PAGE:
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Laguna Pueblo. English Pronunciation: "Lah-goon-ah " Traditional Name: Ka'waika It is the largest Keresan speaking Pueblo, with around eight thousand members. They prize thinking above all human attributes, consequently they value intellectual activity and education. A scholarship program is conducted by the Pueblo, thus insuring advanced study for many of the young people, making them among the best educated of all Pueblos. Laguna Pueblo comprises six major villages, Laguna, Paguate, Encinal, Mesita, Seama, Paraje, scattered over many acres with the political center at Laguna. In the 1970's, the traditional craft of pottery making was re-established. Fine work in red, yellow and orange geometric designs, similar to Acoma work, was created by a number of artists. Painters and jewelry makers have begun to work again in the ancient crafts, but they are bringing a modern note in the innovative designs and techniques which set their work apart from many other Indian craftsmen. The feast of St. Joseph, celebrated on March 19th and on September 19th.

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Early, Max – “Ears of Corn: Listen” Book of Poetry

Congratulations to Max Early for the publication of his first book of poetry.  Max is a well known potter but also quickly become as famous for his poetry!

We currently have signed copies in the gallery!

“In Ears of Com: Listen, Native American potter and poet Max Early gracefully details both the everyday and the extraordinary moments of family and community life, work and art, sadness and celebration at the Laguna Pueblo of New Mexico.With in the four seasons-Ty’ee-Tro, Kushra-Tyee,Heyya-Ts’ee, and Kooka—the beauty of Early’s writing beckons the reader to accompany him on the journey between ancient and modern times.Including an historical Preface by the author,an Introduction by Simon J. Ortiz, and photographs of Early’s family and award-winning art, this debut poetry book is profound in its welcome and its teachings.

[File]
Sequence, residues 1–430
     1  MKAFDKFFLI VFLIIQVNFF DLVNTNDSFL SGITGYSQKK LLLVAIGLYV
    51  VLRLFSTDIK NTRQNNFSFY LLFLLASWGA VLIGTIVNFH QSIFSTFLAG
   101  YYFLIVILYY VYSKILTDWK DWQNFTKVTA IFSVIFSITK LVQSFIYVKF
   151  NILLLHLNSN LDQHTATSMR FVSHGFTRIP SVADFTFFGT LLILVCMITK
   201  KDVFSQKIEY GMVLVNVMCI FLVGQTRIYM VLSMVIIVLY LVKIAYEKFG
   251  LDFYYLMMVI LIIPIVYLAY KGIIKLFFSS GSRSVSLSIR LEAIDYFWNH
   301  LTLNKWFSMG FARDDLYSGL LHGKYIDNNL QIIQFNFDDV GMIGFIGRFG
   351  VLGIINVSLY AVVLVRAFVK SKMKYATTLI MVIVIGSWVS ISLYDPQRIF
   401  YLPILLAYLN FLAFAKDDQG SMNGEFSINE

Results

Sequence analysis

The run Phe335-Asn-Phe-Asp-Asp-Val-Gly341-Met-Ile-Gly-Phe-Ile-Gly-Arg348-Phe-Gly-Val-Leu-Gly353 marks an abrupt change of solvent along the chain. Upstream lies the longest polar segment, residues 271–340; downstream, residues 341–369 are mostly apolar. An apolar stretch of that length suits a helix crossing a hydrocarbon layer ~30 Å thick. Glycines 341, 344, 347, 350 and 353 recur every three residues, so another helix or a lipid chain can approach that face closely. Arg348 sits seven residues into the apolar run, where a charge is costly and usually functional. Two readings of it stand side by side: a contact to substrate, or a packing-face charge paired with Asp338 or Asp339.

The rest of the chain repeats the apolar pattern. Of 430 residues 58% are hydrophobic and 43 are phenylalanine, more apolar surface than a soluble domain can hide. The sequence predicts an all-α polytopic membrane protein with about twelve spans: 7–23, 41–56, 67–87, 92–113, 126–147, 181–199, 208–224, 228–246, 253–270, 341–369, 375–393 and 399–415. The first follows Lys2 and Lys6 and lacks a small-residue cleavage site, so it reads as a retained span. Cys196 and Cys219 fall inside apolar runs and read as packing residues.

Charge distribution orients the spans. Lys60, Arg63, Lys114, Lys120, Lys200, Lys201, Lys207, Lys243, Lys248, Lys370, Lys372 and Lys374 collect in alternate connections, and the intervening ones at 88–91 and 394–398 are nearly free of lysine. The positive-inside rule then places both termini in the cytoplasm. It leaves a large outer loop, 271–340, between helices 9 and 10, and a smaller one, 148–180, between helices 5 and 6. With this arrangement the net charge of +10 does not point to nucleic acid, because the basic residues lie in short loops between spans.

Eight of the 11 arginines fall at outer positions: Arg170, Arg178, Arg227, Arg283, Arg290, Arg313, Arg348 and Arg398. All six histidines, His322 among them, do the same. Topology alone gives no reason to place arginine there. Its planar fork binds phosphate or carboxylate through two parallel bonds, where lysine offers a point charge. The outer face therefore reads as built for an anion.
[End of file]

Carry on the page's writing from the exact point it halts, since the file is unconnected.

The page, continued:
‘Early’s poems take us into the cultural continuum of a contemporary Laguna Pueblo artist. Each poem is pottery of words, complete with designs to bring rain, to remember and praise the earth and sky path we humans travel. Early’s poems are earthy, real and compelling. I keep hearing them, like songs emerging from the creative earth.”

-Joy Harjo, “Crazy Brave”, Mvskoke poet and musician

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‘We are thankful for these poems that cup us through the seasons,past the drought f a spiritual slumber. Like a weathered olla recalling the hold of cold water,we are replenished and bathed anew.We should heed our want and need to the bounty of their beauty and submit ourselves to the lessons therein. Shhh…the poems are speaking:Listen!”

-Levi Romero, “A Poetry of Remembrance and In the Gathering of Silence”, New Mexico Centennial Poet

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‘Poetry and pottery are art forms simultaneously ancient and yet made for the moment. The words flow like coils of clay to surround the reader and build a vision of the mind and soul of the poet. Potter Max Early’s poetry in ‘Ears of Corn: Listen” reveals much about life in his native Laguna Pueblo. More importantly it gives a modern voice to an ancient culture making it relevant for both a new generation and also those outside the Pueblo. The poems tell his story of how, “Breaking gender taboos didn’t turn me to stone” and the delicate balance he finds between embracing modernity and reveling in the past. The use of native Laguna words adds grace to the poems, much like a perfectly painted vessel; they lyrically draw the eye, create balance and provide a connection to the viewer. Not only is Max’s collection of poems worth a read, but a second read as well. The first time they may just seem pretty, but the second time the novelty is gone and the substance remains. Much like Max’s pottery.’